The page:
A federal judge issued a preliminary injunction on Nov. 22 that effectively restricted the City of Sammamish from deleting Facebook comments as a lawsuit for First Amendment violations proceeds in court.
The order is the latest development from the Kimsey et al v. City of Sammamish case, where three local residents allege that city communications manager Celia Wu unconstitutionally deleted comments criticizing the government from the city’s official Facebook page over the last year.
For now, the city may only delete comments containing explicitly offensive content such as pornography or racist slurs.
The ruling, issued by Judge Marsha Pechman of the Western District of Washington, determined that the city’s Facebook rule requiring comments to be relevant to the original post is unconstitutional under strict scrutiny, which is the highest bar for constitutionality.
Strict scrutiny was applied after Pechman determined that the city’s Facebook page is a designated public forum. The court was convinced by evidence that the page was “designed for and dedicated to expressive activities,” and that Facebook comments are not required to be approved by the city before posting. The plaintiffs also demonstrated that the city inconsistently enforced its relevance rule by permitting some irrelevant comments to remain on its page while deleting others.
In a designated public forum, any government censorship is unconstitutional unless it is “necessary and narrowly drawn to protect a compelling government interest.”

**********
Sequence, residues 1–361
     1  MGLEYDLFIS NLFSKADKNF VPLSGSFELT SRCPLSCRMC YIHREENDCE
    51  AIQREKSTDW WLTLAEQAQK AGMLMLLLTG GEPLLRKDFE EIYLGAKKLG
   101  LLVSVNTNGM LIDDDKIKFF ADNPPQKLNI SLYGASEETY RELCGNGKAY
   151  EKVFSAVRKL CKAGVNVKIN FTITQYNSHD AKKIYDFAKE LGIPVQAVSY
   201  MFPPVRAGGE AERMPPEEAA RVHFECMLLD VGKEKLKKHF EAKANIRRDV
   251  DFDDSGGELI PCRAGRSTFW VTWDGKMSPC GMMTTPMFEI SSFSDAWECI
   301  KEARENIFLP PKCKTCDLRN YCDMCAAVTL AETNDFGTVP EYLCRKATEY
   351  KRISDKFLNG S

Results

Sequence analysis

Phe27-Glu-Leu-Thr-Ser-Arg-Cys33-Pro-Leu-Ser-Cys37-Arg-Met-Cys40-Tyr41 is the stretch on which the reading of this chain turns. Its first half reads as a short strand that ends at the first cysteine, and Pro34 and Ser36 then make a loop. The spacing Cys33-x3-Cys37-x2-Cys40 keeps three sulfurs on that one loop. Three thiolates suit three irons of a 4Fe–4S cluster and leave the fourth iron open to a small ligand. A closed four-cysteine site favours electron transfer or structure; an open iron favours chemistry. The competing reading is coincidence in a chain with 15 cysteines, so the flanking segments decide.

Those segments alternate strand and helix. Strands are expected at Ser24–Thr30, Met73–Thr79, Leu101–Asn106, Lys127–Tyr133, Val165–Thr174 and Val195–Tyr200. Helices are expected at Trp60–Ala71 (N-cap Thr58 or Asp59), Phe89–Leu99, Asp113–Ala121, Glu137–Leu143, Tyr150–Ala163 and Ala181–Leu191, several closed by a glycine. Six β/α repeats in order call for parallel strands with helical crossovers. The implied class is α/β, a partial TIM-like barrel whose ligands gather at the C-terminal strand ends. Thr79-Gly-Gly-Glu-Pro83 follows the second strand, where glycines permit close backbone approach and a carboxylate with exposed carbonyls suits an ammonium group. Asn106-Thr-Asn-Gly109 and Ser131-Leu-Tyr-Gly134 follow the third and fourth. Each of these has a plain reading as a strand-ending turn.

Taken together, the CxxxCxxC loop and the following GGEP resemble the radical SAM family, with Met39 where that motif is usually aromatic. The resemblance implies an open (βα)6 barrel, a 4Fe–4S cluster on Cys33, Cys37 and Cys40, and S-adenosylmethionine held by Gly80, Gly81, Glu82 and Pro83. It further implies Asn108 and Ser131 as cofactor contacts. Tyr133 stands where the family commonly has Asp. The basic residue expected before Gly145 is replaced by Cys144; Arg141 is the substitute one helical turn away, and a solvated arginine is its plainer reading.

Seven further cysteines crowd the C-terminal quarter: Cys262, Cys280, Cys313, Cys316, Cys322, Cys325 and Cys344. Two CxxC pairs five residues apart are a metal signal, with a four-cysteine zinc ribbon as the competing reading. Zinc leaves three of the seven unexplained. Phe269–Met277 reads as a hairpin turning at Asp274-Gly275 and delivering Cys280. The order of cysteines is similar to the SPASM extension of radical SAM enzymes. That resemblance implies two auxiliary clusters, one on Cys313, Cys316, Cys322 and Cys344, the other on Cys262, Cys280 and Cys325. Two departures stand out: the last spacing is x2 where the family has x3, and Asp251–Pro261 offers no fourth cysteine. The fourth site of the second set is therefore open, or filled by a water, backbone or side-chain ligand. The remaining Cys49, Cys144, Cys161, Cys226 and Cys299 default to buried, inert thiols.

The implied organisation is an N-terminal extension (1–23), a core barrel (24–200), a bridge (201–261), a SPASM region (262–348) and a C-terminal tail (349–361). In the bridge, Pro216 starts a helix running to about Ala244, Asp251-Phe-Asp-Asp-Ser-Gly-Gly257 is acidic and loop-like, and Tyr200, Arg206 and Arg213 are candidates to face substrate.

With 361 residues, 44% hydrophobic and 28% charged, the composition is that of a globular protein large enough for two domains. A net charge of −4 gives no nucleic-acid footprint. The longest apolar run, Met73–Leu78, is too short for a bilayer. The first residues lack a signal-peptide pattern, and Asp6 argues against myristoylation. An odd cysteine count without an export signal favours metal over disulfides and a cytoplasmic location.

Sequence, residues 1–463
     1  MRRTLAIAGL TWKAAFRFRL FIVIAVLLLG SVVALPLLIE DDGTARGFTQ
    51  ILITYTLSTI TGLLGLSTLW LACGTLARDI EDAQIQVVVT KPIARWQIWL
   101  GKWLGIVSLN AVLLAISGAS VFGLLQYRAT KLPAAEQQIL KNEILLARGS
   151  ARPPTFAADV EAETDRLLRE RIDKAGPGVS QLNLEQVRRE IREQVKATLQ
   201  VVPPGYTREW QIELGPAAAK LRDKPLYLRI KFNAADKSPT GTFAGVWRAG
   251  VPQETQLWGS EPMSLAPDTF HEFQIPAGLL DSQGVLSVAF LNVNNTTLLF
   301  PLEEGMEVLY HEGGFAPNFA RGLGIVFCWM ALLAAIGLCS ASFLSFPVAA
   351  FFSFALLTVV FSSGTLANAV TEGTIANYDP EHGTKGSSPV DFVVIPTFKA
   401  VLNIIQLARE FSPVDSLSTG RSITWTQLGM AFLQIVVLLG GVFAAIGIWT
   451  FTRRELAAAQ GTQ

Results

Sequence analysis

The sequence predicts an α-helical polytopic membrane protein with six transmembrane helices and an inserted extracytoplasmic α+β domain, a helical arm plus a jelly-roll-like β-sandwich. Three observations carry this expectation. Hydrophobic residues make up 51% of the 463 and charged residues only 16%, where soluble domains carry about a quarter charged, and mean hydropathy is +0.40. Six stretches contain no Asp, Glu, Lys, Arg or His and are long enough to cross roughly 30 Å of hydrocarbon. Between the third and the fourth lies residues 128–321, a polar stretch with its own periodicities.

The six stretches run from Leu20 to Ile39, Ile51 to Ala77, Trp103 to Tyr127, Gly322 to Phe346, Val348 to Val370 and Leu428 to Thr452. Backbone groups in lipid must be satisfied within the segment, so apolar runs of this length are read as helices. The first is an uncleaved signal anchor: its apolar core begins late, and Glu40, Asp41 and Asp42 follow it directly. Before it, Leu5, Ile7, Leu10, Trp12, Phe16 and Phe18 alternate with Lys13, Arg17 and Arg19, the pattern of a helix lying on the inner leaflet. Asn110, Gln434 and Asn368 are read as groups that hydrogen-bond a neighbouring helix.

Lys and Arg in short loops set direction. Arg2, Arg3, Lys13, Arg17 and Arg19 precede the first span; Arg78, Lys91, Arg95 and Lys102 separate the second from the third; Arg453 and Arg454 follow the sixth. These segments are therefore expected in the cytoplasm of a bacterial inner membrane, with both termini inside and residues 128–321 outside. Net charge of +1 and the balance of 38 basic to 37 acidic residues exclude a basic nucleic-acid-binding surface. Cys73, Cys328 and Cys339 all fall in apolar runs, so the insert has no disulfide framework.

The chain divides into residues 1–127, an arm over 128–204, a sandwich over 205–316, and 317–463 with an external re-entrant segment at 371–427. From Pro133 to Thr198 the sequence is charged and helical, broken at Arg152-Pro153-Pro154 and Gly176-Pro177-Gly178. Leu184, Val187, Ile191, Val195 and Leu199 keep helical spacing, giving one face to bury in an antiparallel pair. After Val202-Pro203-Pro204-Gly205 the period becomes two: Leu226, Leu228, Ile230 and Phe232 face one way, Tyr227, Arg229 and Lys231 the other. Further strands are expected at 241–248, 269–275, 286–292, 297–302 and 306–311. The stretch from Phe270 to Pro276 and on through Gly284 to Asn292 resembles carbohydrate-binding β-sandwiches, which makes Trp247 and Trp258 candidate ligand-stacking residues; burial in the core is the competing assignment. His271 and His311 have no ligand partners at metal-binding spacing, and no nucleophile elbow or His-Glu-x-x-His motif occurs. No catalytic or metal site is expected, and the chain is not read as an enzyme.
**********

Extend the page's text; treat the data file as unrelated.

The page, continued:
The city was unable to meet this burden because the court found the relevance policy too vague and was not persuaded by the city’s argument that the rule was necessary to prevent the dilution of public safety messages.
According to plaintiff counsel Joe Shaeffer, this order decided the bulk of the constitutional dispute.
At this point, the city can opt to settle the suit, appeal the court’s decision, or continue to a jury trial. For now, the city seems determined to proceed to trial.
Since the court has already ruled on the constitutionality of the city’s Facebook policies, the rest of the litigation will examine whether the city intentionally applied its policies unconstitutionally. The plaintiffs claim that the city “engaged in viewpoint discrimination by selectively deleting comments that are critical of the City and allowing other off-topic comments to remain.”
During discovery, the next stage of civil litigation, the parties will investigate this claim by formally requesting evidence from one another. If the suit is not settled by the end of discovery in approximately one year, a jury trial will take place to determine the extent of damages to be paid by the city and Celia Wu.
Shaeffer said the verdict could range anywhere from nominal damages of $1 on upward. He believes constitutional disputes are worth far more.
“The city should be on guard about deleting anything at this point,” said Shaeffer.
Defendant counsel for the City of Sammamish did not respond to requests for comment.
*12/3/21 Update: A trial date has been set for Dec. 5, 2022, at 9:00 a.m. before Judge Marsha Pechman.